How to Figure out Your Estimated Taxes in an S Corporation
All taxpayers must make quarterly estimated tax payments to the Internal Revenue Service. For individual employees, this is done automatically through payroll tax withholding. Partners and S corporation shareholders must send in estimated payments on their own or face penalties and interest for underpayments.
You must make estimated tax payments if you expect to owe at least $1,000 in tax for the current year after subtracting any tax withholding or credits you will claim on your tax return. You must also pay if you expect the total of your withholding and credits to be less than 90 percent of your current year's taxes or 100 percent of the previous year's taxes -- whichever is smaller.
If the company's income is consistent from month to month, you can use the average of the past few quarters as the basis for your estimated tax payments. S corporations with more volatile earnings should create a new estimate each month to make sure their estimated payments stay on track throughout the year. Look at past financial statements for historical trends that could help you project the company's future growth. Adjust for seasonal fluctuations, especially if you sell more products at the end of the year.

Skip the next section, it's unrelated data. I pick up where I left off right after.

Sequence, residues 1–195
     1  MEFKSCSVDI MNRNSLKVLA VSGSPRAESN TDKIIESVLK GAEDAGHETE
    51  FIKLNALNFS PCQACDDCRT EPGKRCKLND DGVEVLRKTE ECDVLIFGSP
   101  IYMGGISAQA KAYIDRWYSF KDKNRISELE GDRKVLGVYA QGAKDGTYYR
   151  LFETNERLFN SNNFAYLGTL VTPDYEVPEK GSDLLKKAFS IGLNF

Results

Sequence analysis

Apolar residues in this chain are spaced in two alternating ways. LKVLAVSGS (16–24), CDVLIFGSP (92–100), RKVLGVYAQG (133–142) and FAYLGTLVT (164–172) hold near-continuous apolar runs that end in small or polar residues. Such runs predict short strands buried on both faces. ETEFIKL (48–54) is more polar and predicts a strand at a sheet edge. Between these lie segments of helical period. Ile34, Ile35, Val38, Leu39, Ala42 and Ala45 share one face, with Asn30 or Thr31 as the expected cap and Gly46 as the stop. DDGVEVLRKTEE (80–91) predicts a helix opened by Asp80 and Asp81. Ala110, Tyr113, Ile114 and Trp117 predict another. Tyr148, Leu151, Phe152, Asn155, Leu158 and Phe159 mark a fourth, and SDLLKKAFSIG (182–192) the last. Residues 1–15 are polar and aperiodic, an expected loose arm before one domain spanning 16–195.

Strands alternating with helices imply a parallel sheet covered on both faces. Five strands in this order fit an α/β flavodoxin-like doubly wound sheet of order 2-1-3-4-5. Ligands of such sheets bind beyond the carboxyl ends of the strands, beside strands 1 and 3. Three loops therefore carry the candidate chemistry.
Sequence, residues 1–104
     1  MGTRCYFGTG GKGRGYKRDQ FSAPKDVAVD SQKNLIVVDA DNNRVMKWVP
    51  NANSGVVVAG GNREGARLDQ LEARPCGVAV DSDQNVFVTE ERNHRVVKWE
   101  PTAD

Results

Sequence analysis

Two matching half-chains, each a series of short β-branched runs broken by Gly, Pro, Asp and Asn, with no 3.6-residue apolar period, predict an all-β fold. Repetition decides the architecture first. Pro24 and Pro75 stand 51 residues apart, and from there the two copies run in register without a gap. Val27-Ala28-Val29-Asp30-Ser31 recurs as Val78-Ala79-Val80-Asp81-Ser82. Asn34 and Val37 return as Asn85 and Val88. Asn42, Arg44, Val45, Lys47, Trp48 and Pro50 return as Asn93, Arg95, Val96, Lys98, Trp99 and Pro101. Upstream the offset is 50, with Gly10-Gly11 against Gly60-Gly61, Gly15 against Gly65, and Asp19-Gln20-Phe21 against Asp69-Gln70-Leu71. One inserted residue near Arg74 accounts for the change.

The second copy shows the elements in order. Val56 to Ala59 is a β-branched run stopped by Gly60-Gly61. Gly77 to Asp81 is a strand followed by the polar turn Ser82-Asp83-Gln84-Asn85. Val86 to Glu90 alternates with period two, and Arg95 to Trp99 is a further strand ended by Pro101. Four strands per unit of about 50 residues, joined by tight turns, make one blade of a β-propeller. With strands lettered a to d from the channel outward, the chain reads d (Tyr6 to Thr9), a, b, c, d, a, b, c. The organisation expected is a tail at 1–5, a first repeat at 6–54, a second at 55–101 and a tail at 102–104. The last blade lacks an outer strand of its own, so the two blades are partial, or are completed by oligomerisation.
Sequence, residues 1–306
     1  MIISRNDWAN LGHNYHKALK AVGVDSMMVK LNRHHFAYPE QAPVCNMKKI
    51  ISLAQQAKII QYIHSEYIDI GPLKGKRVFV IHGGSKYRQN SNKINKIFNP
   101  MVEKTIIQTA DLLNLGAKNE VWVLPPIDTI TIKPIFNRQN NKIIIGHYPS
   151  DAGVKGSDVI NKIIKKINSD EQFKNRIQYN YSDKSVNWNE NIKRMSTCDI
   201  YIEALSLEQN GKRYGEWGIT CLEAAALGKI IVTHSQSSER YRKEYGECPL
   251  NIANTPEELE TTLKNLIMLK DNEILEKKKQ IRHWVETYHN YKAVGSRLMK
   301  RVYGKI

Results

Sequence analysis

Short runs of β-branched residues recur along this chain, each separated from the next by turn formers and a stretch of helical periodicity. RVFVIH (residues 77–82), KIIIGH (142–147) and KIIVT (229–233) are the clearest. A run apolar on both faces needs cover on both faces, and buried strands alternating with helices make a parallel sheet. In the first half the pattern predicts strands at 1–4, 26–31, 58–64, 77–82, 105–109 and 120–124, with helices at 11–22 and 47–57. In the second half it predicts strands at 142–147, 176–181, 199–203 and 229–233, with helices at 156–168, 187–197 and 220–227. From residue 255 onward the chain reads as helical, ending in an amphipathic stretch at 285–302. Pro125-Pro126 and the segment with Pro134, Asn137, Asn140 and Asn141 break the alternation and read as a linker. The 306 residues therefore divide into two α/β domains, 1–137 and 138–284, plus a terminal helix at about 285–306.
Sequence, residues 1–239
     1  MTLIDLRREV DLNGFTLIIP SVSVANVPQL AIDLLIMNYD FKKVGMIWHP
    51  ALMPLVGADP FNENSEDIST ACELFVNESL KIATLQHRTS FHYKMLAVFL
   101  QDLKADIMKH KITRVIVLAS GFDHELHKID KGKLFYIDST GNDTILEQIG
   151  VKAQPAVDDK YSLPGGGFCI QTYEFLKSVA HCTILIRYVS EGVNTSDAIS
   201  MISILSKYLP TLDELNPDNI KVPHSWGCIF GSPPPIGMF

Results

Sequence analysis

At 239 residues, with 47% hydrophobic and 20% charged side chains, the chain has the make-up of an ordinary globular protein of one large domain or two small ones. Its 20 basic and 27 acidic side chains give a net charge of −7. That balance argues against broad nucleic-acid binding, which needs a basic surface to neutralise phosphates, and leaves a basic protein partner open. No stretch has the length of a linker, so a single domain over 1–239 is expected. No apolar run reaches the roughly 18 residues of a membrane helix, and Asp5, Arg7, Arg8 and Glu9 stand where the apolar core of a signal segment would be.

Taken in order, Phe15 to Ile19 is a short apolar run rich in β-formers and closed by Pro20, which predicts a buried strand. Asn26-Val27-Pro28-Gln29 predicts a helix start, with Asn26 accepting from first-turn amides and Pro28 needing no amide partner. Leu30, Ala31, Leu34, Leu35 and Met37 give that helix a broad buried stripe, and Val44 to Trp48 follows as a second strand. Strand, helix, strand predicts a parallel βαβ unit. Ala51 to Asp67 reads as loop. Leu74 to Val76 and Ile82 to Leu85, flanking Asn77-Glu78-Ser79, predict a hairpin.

You must take a salary if you perform work for the company, even if you are the sole shareholder. The IRS closely reviews salaries and owner distributions for S corporation shareholders. It can be easy for a company to abuse the income pass-through provisions and avoid paying payroll taxes. Your pay must be a reasonable salary for the type of work performed and the standard for the industry. The IRS can retroactively apply payroll taxes and any associated penalties and interest if it deems the salary too low. Calculate the federal and state tax withholding on your salary as well.
Because the corporation's income passes through, shareholders must also estimate the amount of their personal taxes for the year. Include your spouse's income and tax withholding amounts in these calculation if you are married. Total all of your estimated income items, such as salary, retirement plan distributions, interest, dividends and capital gains on investments. Add your share of the S corporation's income to find your total taxable income. Look up the taxes due from the tables in the previous year's instructions. Subtract any tax withholding taken out of your salaries. Divide the yearly tax by four to find the amount of your quarterly estimated tax payments. Use Form 1040-ES to report your payments to the IRS. Remember to also make any estimated state tax payments that are required in your area.